It’s been nearly 40 years since Norman Tebbit exhorted the unemployed to “get on their bikes” to look for work.
Tebbit’s speech to the 1980 Tory conference was silly and out of touch then, but it got a big reaction. Anyone saying something similar at next week’s Conservative conference will be met only with digital silence.
This online conference season may help to sharpen up future political gatherings if and when they are permitted again. It ought to become a test of oratory. Before saying something out loud to a hall of supporters, try it out sitting in your bedroom looking down the lens of a webcam. If it sounds like an Alan Partridge quote then cut it from your address.
Thus we might have been spared such conference treats as Tony Blair’s claim he has no reverse gear, Peter Lilley ripping off Gilbert and Sullivan to kick welfare claimants and, of course, Theresa May’s argument that citizens of the world are citizens of nowhere.
Tebbit’s famous turn is apposite not just because it’s conference season, or because Spitting Image returns to screens next month and his characterisation as Margaret Thatcher’s bovver boy was a staple of the puppet satire’s first run in the 1980s.
It’s relevant because the issue he was addressing is about to slam back into the political agenda – mass unemployment.
Getting on your bike to find work wasn’t a serious strategy last time. But it sounded a straightforward solution to a complex problem and, more importantly, switched responsibility for joblessness from government to individuals.
That’s a strategy we can see the current administration turning to again with reference to Covid. Apparently the increase in cases is down to us failing to observe the rules in the right way. Not due to the Westminster Government spending the summer thinking up wheezes to wind up the EU instead of considering the effects of schools going back.
When the tsunami of redundancies inevitably hits after the furlough scheme closes next month, are today’s youngsters to get on their bikes and look for work, too? They’ll find only empty streets. Should they knock on an office door to drop off their CV they’ll find the building deserted. No boss will want to handle an unsolicited resume for fear it may prove a vector of disease.
How are the unemployed to find employment when everyone is working from home? This speaks to a broader issue around the world of work. Even those that do land jobs will have to be onboarded without meeting anyone. Induction from a distance may raise health and safety questions. Mentoring will be missed. The elements of workplace politics necessary to aid the process of finding your place in a team or a company will be absent.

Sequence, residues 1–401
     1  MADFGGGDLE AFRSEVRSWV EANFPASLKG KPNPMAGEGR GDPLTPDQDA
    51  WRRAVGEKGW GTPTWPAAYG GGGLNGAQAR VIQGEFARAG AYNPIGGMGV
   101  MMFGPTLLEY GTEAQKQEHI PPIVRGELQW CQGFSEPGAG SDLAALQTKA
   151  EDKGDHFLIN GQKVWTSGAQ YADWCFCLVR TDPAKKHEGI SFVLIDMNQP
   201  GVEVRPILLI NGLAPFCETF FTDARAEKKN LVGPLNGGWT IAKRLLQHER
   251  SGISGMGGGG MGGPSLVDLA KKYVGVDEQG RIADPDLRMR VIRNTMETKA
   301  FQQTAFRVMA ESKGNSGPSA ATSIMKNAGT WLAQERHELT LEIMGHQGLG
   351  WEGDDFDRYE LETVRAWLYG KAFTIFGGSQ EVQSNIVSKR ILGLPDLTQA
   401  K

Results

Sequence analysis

Support is going to be key. For business. For the population.
The debacle over testing and schools suggests this is an administration that struggles with working knowledge of a calendar. So not the sort of team who possess the foresight, wit or empathy to take on a challenge such as mass unemployment.
The current political cadre have grown up in an era without mass unemployment. In 1981 Norman Tebbit was referencing his dad’s experience of unemployment in the great depression. Privilege runs deep through the current Cabinet. They may remember the 1980s, they are unlikely to have known the awful impact of unemployment.
The young, in particular, are scarred by starting their careers in tough times. It can take around a decade for them to catch up to where they might be expected to be in terms of income and opportunities, never mind the physical and mental health effects of joblessness. And this on top of having their youth derailed by a pandemic already.
So there’s a human impact. And an economic impact. And, as with almost everything these days, there’s a constitutional angle too.
Holyrood has welfare powers now, it’s a choice whether they use them to take the edge off the experience of unemployment or recoil from doing so in order to hang the whole problem on Westminster’s door.
But the Scottish Government has next to no levers to use on the roots of joblessness, the larger economic picture. Expect the SNP to point this out a lot in the coming months while claiming an independent Scotland could bring more agility and ability to tackling the problem.
There have been signs of hope. Rishi Sunak is often portrayed as a balance-the-books type of chancellor. But the evidence is that he’s traded ideology for imagination in his coronavirus response. He’s spent billions propping up incomes and the Eat Out to Help Out scheme was refreshingly novel.
However, his first Budget back in March remains remarkable for its lack of foresight. He talked up tunnelling underneath Stonehenge when any intelligent observer could see coronavirus was about to shake the nation to its foundations.
Now is the time to have projects such as the Stonehenge bypass in his thoughts. Building roads, and other infrastructure like those 40 hospitals repeatedly promised by Boris Johnson, will help keep people in employment, enjoying an income and spending in the shops and restaurants that will otherwise close.
Unfortunately mass unemployment is going to disfigure the nation again. Unlike the early 1980s it’s been inflicted on this administration by the circumstances of coronavirus rather than due to any policy decisions.
Hopefully they’ll acknowledge their misfortune at next week’s virtual conference. And offer signs that they’ve solutions that extend beyond cycling sound bites.
James Millar is a political commentator and author and a former Westminster correspondent for The Sunday Post